Pakistan Versus HIV
In comparison to its neighbors, Pakistan had experienced comparatively few locally acquired HIV cases for over 20 years. However, trends began to shift in 2004, when Pakistan saw its first major HIV outbreak among the IDU community in the isolated desert town of Larkana. This essentially meant that the virus had finally established a staging ground, as successive outbreaks across the country later confirmed. Pakistan is currently the second-largest country in South Asia, trailing only India and Nepal in terms of the HIV epidemic. Despite many efforts, the HIV infection rate has increased significantly over the past few years, and in fact, the country has moved from a low prevalence to a concentrated epidemic, with Human Immunodeficiency Viruses prevalence of more than 5% among IDUs in at least eight major cities.
According to estimates from the Global AIDS Monitoring 2020 report, 183,705 persons in Pakistan were HIV positive. People who inject drugs (PWID), male, female, and transgender sex workers (MSW, FSW, & TGSW), men who have sex with men (MSM), and transgenders are among the primary demographics where the HIV epidemic in the nation is concentrated.
The HIV epidemic in Pakistan is moving into the sexual networks from where it is discreetly extending to the general population through bridge populations.
This is in line with the Asian Epidemic Modeling pattern. The epidemic has almost reached a plateau among drug injectors. According to research, 23% of new infections in 2019 were found in PWID, 18% in MSM, 3% in TGs, and 1% in FSW. Indicating an increase in human Immunodeficiency Viruses Transmission to bridge groups (spouses, partners, and customers) of key populations (KP), a sizable number of low-risk males, females, and clients of KPs were newly infected.
It may be noted that diverse transmission patterns and a heterogeneous HIV epidemic characterize Pakistan. With the goal of increasing the coverage of Human Immunodeficiency Viruses prevention, treatment, care, and support services through a high-impact targeted approach that included the introduction of community-based outreach, an HIV prevention and testing model, and treatment for all Pakistanis, the country introduced evidence-based Human Immunodeficiency Viruses prevention and treatment programmes in 2018. This high-impact, prioritized strategy’s ultimate goal is to lower the number of new Human Immunodeficiency Viruses infections, raise treatment compliance to lower Human Immunodeficiency Viruses transmission, and lower HIV-related morbidity and death in Pakistan.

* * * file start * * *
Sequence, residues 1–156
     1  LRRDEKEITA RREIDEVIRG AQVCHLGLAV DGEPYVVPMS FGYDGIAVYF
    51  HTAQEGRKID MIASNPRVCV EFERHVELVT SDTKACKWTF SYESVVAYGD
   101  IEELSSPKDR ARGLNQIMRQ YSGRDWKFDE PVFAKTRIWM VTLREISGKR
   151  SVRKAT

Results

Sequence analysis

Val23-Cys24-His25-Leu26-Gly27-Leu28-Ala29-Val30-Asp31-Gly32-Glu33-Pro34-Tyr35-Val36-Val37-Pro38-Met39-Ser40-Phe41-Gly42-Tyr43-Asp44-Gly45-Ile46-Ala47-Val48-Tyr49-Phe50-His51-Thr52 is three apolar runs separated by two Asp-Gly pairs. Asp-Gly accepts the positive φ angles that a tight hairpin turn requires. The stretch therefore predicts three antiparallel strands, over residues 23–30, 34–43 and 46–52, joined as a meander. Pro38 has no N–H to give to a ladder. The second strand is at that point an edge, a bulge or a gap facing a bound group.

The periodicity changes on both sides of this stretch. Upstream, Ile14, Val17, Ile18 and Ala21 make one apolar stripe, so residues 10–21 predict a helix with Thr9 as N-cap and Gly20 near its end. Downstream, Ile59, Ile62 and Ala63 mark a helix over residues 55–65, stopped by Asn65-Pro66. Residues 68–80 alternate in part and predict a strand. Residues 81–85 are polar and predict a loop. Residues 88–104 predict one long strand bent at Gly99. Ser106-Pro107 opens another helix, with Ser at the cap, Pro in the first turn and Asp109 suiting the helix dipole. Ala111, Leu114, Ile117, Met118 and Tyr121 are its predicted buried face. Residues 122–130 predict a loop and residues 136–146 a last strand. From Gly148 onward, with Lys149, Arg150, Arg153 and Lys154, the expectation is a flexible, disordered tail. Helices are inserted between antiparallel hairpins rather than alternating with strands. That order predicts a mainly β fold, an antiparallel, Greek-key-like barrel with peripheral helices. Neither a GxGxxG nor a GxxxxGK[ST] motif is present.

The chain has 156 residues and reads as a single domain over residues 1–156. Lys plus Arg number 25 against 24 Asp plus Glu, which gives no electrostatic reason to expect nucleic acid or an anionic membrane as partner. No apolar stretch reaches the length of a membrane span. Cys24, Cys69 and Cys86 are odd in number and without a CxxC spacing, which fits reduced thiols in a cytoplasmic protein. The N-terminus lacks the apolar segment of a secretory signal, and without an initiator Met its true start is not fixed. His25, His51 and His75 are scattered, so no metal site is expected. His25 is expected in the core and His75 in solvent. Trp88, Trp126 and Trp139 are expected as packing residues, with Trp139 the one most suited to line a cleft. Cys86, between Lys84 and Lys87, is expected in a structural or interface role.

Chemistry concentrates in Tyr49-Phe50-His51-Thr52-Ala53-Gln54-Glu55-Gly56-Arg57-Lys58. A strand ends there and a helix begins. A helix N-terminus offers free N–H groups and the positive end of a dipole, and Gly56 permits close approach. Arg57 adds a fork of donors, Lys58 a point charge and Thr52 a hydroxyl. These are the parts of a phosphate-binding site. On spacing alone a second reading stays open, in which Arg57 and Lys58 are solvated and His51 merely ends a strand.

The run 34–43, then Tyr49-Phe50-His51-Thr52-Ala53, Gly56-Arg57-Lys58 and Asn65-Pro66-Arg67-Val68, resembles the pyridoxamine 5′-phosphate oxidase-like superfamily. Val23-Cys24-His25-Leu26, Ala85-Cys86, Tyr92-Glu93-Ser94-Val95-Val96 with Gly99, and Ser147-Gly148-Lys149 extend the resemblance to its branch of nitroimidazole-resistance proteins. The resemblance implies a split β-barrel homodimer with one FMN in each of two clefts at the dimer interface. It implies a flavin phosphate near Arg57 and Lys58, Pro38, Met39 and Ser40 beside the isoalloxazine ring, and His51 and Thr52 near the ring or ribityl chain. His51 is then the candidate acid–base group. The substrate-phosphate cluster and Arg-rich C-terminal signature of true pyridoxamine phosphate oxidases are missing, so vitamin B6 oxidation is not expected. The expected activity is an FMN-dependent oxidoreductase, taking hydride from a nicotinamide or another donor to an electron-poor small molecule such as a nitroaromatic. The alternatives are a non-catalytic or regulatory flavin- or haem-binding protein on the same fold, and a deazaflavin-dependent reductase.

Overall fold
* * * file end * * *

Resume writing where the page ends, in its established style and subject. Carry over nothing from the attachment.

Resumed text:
Complexities: The Road Ahead
While the Integrated Biologic and Behavioral Monitoring surveys provide information on HIV prevalence among key populations, regular HIV surveillance in the general population is lacking, making it difficult to comprehend the true scope of the HIV epidemic in Pakistan. Given the relatively low 0.1% incidence of Human Immunodeficiency Viruses in the general population, widespread surveillance of the virus may be difficult and produce little insight. However, increasing monitoring of specific populations at greater risk, such as expectant mothers, people who visit clinics for infectious diseases like TB, and people who frequently undergo blood transfusions, may offer early indicators of changes in HIV prevalence. Similarly, regular blood supply monitoring might be a more effective and affordable surveillance strategy. None of these areas currently employ regular monitoring. On the other hand, there are risks associated with the rising influence in the country of numerous ideologies disseminated from western countries, such as the normalisation and social acceptance of homosexuality. In the United States, the CDC reported that homosexual or bisexual males constituted 70% of all new HIV infections in 2019.
In conclusion, the documented outbreaks in Pakistan raise the possibility that HIV will continue to spread if effective preventative measures are not taken. Campaigns to increase public awareness of unsafe injection practices, both medicinal and recreational, may help to reduce the spread of Human Immunodeficiency Viruses and the frequency of outbreaks. The need for inappropriate medical treatments might be decreased by directing public health campaigns and evaluating patient and provider misconceptions about the advantages of therapeutic injections. Last but not least, creating and implementing thorough HIV monitoring systems may help identify outbreaks and spark inquiries into risk factors and underlying transmission sources.